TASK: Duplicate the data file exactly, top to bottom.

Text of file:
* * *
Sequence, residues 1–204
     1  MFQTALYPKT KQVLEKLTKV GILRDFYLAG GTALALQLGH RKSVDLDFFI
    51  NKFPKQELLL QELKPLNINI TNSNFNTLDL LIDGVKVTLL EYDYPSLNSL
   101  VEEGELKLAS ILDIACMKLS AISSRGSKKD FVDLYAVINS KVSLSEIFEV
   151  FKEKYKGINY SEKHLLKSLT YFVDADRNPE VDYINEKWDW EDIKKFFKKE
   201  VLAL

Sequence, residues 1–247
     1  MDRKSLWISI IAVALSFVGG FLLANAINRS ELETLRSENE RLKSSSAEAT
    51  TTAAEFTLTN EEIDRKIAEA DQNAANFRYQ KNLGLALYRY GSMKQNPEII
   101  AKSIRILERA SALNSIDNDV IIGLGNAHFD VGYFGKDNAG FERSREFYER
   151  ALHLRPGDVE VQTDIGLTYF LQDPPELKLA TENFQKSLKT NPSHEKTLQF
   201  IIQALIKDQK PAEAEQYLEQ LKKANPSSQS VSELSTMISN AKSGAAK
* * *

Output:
Sequence, residues 1–204
     1  MFQTALYPKT KQVLEKLTKV GILRDFYLAG GTALALQLGH RKSVDLDFFI
    51  NKFPKQELLL QELKPLNINI TNSNFNTLDL LIDGVKVTLL EYDYPSLNSL
   101  VEEGELKLAS ILDIACMKLS AISSRGSKKD FVDLYAVINS KVSLSEIFEV
   151  FKEKYKGINY SEKHLLKSLT YFVDADRNPE VDYINEKWDW EDIKKFFKKE
   201  VLAL

Sequence, residues 1–247
     1  MDRKSLWISI IAVALSFVGG FLLANAINRS ELETLRSENE RLKSSSAEAT
    51  TTAAEFTLTN EEIDRKIAEA DQNAANFRYQ KNLGLALYRY GSMKQNPEII
   101  AKSIRILERA SALNSIDNDV IIGLGNAHFD VGYFGKDNAG FERSREFYER
   151  ALHLRPGDVE VQTDIGLTYF LQDPPELKLA TENFQKSLKT NPSHEKTLQF
   201  IIQALIKDQK PAEAEQYLEQ LKKANPSSQS VSELSTMISN AKSGAAK